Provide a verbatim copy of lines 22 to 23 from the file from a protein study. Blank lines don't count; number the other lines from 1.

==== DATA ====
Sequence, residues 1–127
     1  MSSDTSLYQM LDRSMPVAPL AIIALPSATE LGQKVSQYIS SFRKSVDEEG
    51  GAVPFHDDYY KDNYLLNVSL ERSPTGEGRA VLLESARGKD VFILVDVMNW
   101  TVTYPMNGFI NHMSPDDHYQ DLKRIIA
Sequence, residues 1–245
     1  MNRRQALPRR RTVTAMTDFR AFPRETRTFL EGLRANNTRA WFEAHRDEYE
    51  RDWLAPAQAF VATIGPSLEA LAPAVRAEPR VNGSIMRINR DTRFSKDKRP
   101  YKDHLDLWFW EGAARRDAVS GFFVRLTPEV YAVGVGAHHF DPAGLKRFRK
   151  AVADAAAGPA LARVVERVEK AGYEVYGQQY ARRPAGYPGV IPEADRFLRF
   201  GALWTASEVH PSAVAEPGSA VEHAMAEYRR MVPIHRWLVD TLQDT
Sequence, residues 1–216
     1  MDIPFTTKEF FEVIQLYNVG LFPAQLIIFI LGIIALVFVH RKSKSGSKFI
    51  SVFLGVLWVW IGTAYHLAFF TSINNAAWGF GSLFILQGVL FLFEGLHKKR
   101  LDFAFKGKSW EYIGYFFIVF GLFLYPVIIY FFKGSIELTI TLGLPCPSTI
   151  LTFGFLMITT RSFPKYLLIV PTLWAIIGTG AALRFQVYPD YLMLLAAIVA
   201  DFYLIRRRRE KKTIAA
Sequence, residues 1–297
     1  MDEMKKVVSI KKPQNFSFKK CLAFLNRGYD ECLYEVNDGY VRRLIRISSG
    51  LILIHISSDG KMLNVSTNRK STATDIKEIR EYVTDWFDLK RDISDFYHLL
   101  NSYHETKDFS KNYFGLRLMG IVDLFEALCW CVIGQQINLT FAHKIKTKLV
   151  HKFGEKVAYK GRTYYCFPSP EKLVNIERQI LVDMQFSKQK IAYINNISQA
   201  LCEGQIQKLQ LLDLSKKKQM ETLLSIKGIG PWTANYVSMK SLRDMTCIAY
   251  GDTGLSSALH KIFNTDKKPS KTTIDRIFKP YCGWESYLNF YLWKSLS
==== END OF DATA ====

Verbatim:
   201  LCEGQIQKLQ LLDLSKKKQM ETLLSIKGIG PWTANYVSMK SLRDMTCIAY
   251  GDTGLSSALH KIFNTDKKPS KTTIDRIFKP YCGWESYLNF YLWKSLS